Hey, we noticed you're in Canada but are currently viewing our US site. Would you like us to take you to the Canadian site, or do you want to stay on the US site?
Picking up what we're putting down? We thought you might be. Sign up for our free twice-weekly newsletter to get "the gist" of what's going on in the sports world in less than 5 minutes.
Skip to Content

Empty spaces

General

April 20, 2020
SOURCE: UEFA
SOURCE: UEFA

The GIST: Although we’re still in the thick of the COVID-19 pandemic, sports leagues around the world are seriously looking at options to start play again. The most popular plan? Games without spectators. Weird.

As long as I can watch from home…: Oh, for sure. We’ll just have to wait a bit longer. As Germany eases out of lockdown, their top soccer league, Bundesliga, has already begun the process to restart the season. All teams returned to practice last Monday, with players adhering to strict physical distancing guidelines as they get back in game shape. Play is set to potentially resume in mid-May.

  • And over in Spain, one of the most severely impacted countries, La Liga is gearing up for its return. The Spanish pro soccer league is looking at three possible dates (the soonest being May 28th), and like the Bundesliga, all remaining matches will be played without spectators over the summer months.

Well, that’s great...isn’t it?: Not totally. In theory, a game without fans would cut down on tens of thousands of people gathering in one spot, which is good. On the other hand, as English professional football club West Ham CEO, Karren Brady, pointed out this weekend, it’s still a dangerous option. She estimates between 300 and 500 people would need to be present for a single soccer match, including security, facilities staff, media, players and team staff.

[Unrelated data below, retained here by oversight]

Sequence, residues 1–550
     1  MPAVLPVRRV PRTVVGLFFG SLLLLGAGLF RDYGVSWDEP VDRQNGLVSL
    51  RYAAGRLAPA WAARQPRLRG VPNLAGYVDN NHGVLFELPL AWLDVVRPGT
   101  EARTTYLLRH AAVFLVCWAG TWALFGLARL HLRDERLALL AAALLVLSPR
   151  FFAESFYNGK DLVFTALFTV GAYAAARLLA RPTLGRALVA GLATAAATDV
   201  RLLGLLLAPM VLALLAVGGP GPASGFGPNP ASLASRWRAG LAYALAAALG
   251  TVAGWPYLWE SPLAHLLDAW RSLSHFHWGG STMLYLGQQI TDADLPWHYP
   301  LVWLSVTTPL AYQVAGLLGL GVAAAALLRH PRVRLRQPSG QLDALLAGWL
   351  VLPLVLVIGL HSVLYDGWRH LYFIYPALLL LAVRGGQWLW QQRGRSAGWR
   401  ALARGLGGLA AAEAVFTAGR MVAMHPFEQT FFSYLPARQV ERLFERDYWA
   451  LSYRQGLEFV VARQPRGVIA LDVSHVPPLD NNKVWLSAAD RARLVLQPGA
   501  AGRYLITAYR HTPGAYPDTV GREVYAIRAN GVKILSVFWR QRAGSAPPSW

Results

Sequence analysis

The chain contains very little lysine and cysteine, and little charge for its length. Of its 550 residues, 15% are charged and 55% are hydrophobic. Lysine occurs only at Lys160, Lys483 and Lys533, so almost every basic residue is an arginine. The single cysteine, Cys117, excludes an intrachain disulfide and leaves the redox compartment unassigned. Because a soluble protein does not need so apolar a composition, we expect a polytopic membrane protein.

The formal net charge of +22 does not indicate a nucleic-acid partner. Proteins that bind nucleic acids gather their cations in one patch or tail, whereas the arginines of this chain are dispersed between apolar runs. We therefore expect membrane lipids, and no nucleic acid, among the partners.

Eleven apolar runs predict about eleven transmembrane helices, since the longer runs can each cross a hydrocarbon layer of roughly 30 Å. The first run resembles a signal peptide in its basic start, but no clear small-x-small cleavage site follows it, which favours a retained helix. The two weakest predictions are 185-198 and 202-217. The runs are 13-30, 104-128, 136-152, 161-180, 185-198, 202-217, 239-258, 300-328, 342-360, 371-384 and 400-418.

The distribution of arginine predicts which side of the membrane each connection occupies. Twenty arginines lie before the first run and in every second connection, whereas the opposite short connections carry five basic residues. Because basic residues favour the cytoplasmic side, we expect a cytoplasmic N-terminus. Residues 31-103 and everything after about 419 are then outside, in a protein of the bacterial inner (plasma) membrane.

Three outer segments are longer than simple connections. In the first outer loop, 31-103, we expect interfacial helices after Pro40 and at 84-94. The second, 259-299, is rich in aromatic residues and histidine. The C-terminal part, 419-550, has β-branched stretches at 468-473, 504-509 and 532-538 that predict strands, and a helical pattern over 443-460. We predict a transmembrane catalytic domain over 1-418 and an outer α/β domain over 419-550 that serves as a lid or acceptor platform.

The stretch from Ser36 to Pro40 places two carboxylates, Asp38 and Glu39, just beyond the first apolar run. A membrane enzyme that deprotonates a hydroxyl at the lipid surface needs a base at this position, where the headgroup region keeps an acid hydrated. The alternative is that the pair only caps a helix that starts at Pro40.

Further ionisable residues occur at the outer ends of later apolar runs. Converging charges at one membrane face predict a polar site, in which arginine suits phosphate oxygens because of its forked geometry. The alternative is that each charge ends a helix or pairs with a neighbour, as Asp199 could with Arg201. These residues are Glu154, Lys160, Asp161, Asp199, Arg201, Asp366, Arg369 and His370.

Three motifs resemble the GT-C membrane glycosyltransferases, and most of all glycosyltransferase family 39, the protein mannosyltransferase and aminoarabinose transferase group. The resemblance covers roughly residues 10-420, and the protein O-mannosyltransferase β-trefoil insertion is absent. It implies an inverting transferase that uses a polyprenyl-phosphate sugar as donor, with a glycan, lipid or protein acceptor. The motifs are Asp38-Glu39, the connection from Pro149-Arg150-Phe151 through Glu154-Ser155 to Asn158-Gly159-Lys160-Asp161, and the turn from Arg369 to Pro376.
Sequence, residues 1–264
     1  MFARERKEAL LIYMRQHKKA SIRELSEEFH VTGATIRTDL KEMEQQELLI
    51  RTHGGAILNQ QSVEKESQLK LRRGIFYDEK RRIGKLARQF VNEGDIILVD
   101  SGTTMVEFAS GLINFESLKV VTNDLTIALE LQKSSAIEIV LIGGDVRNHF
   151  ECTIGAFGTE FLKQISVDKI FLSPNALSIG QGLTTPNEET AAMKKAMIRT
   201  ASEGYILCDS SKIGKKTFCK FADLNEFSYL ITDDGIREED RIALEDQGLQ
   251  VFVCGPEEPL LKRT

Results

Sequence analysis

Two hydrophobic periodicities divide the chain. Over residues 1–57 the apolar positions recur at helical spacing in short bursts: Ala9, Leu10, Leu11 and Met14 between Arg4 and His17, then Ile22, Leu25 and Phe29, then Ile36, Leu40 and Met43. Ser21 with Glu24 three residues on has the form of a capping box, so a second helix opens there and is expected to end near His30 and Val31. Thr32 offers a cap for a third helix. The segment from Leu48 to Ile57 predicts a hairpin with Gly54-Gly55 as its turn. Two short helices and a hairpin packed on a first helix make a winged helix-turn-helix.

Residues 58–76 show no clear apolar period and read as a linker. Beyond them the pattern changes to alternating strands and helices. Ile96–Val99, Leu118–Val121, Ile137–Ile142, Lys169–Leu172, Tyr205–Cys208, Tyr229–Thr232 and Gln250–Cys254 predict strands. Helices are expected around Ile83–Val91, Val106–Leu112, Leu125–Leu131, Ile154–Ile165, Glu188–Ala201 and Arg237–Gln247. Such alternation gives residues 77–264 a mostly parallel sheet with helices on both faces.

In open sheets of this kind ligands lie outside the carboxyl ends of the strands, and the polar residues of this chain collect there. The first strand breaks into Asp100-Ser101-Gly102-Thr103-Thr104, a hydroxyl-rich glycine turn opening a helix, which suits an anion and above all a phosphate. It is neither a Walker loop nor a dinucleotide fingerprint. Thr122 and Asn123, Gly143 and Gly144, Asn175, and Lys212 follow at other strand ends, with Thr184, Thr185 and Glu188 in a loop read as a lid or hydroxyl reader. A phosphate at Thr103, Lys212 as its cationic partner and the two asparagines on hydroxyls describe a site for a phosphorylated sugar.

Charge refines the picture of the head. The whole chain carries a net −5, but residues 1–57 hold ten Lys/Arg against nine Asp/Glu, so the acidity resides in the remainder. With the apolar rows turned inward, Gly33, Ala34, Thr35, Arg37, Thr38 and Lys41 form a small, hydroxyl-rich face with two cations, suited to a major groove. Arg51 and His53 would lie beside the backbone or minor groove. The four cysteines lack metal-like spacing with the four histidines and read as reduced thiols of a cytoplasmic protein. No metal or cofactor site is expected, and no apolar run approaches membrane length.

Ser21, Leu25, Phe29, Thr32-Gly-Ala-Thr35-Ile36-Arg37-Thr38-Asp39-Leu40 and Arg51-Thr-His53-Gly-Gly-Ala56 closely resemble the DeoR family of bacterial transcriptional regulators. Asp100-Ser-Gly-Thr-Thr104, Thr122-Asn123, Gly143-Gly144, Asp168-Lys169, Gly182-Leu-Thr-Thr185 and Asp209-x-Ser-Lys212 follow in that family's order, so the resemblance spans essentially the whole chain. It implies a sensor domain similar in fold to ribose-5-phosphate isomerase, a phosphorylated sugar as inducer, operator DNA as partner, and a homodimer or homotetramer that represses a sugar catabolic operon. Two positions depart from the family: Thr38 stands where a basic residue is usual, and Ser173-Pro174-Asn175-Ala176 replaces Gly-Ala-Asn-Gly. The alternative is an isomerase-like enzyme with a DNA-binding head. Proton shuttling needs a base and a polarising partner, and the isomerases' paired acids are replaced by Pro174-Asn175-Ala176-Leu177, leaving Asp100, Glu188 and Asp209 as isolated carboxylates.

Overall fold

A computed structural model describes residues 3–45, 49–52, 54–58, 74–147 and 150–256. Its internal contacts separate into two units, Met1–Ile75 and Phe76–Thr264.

• There’s also the issue of on-field injuries. If a player gets hurt in a game and needs to be taken to a hospital, medical resources could be taken away from COVID-19 patients and increase the risk for the player to contract the virus while in hospital. Not ideal.

Ah, makes sense. Is it just soccer?: Nope. Tennis, too. Serena Williams’ coach Patrick Mouratoglou is starting Ultimate Tennis Showdown, an independent league where players will face off in a controlled environment (i.e., no fans) at his tennis academy in France. And tennis star Rafael Nadal is also getting in on the fun, inviting fellow pros to his academy in Spain to train for the upcoming season and compete against each other for practice (and our television viewing enjoyment!).

  • On top of that, Nadal is joining forces with the rest of the Big Three of men’s tennis as they look to help their fellow ATP players. Nadal, Roger Federer and Novak Djokovic (pronounced JOKE-OH-VITCH) have proposed a relief fund, encouraging top ranked players to donate money to help affected lower ranked players. You love to see it!

And what’s happening here in North America?: Money’s a bit tight over here. The NBA and NBPA (the National Basketball Players Association) came to an agreement to reduce players’ twice-monthly paychecks by 25% starting May 15th, with the funds being held until a decision about the season is made.

  • The NHL has decided to hold off another month on making any pay decisions, deferring the final paycheck of the year and giving themselves time to maybe (hopefully!) reschedule the remainder of the season instead of canceling outright. Crossing all our fingers and toes!